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The 1998 Winter Paralympics (第七回パラリンピック冬季競技大会, Dai Shichi-kai Pararinpikku Tōkikyōgi Taikai), the seventh Winter Paralympics, were held alongside the Winter Olympics in Nagano, Japan from March 5 to March 14, 1998. They were the first Paralympic Winter Games to be held outside Europe. 571 athletes competed in Nagano; it still remains the highest number of athletes competing at any Winter Paralympics.[1]

VI Paralympic Winter Games
1998 Winter Paralympics logo.svg
Host cityNagano, Japan
MottoGames from the Heart
(Japanese: 心からの大会)
Nations32
Athletes571
Events122 in 4 sports
Opening5 March
Closing14 March
Opened by
Cauldron
Naoya Maruyama
StadiumM-Wave
Winter
Lillehammer 1994 Salt Lake 2002
Summer
Atlanta 1996 Sydney 2000

Contents

SportsEdit

The games consisted of 34 events in four sports: alpine skiing, ice sledge hockey, Ice sledge racing, and nordic skiing. The sport of Nordic skiing comprised two disciplines, the biathlon and cross-country skiing.[2][3]

VenuesEdit

In total 7 venues were used at the 1998 Winter Olympics around 4 cities and towns.[4]

NaganoEdit

HakubaEdit

NozawaonsenEdit

YamanouchiEdit

Medal tableEdit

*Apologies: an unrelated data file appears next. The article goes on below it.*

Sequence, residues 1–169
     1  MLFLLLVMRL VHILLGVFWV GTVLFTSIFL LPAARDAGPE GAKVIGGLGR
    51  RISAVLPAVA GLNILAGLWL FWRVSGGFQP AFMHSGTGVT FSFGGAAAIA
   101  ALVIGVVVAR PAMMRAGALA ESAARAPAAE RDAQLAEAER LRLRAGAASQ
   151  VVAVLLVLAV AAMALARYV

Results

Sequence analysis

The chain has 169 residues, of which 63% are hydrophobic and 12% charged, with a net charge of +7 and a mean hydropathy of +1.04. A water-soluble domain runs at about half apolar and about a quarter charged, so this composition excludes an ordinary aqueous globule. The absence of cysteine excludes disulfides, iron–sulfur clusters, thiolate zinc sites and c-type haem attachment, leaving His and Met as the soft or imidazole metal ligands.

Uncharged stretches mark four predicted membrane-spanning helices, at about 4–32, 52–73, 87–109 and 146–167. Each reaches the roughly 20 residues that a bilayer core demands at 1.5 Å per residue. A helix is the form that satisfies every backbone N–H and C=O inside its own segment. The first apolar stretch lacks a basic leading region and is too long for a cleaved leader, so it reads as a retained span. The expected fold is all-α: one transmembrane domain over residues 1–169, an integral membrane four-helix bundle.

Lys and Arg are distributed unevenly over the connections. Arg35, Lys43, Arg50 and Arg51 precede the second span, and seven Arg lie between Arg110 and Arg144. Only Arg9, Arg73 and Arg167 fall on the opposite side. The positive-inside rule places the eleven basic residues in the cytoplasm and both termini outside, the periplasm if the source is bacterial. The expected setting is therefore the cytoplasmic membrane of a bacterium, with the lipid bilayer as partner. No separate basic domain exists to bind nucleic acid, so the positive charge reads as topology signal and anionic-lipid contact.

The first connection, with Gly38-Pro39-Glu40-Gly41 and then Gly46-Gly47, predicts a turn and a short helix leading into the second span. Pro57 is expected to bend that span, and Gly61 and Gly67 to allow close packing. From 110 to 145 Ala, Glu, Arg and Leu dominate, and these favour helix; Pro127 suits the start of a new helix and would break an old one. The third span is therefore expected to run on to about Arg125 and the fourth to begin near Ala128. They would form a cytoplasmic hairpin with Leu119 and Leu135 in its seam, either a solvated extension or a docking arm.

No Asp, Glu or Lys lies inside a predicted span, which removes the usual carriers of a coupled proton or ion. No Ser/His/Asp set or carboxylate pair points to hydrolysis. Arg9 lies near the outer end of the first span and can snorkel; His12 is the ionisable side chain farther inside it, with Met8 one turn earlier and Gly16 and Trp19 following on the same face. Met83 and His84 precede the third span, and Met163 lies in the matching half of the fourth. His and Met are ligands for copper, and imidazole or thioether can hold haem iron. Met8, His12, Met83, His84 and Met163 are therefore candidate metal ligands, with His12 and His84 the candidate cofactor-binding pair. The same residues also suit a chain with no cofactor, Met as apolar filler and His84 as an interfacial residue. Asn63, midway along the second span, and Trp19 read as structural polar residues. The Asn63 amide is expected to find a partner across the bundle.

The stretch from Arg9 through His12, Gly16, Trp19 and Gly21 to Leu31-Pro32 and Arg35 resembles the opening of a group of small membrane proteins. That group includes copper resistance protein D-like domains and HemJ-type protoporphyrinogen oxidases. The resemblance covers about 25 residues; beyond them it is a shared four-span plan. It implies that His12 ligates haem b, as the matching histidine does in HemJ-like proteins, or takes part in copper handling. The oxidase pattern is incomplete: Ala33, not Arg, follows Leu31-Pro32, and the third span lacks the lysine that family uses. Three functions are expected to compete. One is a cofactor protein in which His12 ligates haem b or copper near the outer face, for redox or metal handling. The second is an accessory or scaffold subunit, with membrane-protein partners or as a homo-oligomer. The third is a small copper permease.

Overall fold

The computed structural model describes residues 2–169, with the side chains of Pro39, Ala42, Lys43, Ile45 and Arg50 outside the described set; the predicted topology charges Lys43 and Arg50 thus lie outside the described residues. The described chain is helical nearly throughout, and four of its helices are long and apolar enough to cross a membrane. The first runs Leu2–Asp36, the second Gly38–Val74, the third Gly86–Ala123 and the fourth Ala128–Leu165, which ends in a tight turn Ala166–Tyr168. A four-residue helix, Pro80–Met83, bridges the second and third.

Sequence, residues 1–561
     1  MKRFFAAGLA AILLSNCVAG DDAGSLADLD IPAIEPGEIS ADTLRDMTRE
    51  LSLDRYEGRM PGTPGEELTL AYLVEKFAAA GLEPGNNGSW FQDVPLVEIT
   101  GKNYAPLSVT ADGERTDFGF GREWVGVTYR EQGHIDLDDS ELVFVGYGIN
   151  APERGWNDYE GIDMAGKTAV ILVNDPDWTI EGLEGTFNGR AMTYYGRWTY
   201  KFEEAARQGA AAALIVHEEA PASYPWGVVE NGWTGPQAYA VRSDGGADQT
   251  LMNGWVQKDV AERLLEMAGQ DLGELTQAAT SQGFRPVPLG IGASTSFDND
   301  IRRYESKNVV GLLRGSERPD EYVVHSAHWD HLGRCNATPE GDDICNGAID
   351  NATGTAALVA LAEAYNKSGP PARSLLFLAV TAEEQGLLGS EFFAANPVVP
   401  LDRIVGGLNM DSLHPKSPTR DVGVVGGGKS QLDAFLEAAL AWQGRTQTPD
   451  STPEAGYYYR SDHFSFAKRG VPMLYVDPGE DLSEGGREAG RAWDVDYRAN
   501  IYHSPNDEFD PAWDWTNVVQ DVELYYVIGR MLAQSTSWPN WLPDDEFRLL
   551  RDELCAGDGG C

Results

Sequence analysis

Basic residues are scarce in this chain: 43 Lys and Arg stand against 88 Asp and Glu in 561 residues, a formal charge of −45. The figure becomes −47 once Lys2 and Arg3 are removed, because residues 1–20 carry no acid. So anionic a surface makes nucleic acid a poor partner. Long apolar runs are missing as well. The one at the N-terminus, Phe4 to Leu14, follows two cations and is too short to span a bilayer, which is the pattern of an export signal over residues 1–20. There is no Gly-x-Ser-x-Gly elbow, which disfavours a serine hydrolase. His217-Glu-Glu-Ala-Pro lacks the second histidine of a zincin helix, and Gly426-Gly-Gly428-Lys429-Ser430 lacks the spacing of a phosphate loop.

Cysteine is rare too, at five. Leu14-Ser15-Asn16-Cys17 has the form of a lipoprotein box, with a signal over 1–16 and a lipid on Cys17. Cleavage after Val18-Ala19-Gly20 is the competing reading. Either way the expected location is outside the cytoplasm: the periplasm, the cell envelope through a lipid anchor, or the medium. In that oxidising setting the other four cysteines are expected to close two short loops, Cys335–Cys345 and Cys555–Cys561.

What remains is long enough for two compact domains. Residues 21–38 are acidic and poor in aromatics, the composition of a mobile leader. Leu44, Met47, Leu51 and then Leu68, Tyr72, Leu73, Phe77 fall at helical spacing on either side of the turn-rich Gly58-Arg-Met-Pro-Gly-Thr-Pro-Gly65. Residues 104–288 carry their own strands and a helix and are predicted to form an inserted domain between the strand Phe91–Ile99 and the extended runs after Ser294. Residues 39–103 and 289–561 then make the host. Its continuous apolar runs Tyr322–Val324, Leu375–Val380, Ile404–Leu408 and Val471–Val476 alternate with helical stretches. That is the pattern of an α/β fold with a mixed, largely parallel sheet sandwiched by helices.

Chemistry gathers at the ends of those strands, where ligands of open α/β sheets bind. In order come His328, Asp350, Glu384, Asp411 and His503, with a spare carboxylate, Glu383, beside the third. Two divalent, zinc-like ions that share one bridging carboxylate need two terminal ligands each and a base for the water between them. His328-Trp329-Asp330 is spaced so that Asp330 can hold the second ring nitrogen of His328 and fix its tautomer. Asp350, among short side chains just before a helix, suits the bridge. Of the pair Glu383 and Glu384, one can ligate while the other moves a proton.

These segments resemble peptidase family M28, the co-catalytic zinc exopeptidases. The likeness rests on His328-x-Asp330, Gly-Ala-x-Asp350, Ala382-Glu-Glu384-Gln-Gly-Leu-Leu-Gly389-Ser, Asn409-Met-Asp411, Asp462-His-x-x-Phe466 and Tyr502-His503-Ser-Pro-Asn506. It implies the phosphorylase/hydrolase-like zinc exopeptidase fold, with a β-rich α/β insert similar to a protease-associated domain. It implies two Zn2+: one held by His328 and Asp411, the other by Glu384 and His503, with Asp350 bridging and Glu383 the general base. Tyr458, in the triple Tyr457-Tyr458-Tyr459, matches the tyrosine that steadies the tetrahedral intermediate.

The top 10 NPCs by number of gold medals are listed below. The host nation (Japan) is highlighted.

RankNationGoldSilverBronzeTotal
1  Norway1891340
2  Germany14171344
3  United States1381334
4  Japan*12161341
5  Russia1210931
6  Switzerland105823
7  Spain8008
8  Austria7161134
9  Finland75719
10  France59822
Totals (10 nations)1069595296

MascotEdit

Parabbit
 
Mascot of the 1998 Winter Paralympics (Nagano)

The 1998 Winter Paralympics Mascot was Parabbit.

Opening CeremonyEdit

The theme of the Opening Ceremony was Hope, and inspired by a painting by George Frederic Watts. The theme also signifies it was the first Winter Paralympics held in Asia and the last Paralympics of the 20th century.[3]

See alsoEdit

ReferencesEdit

  1. ^ "Winter Games Overview". International Paralympic Committee. Retrieved 16 September 2016.
  2. ^ "Nagano 1998". International Paralympic Committee. 4 October 2009. Archived from the original on 4 October 2009.
  3. ^ a b "Nagano 1998". International Paralympic Committee. Retrieved 16 September 2016.
  4. ^ "Schedule of the Nagano Paralympics". Retrieved 29 October 2016.

External linksEdit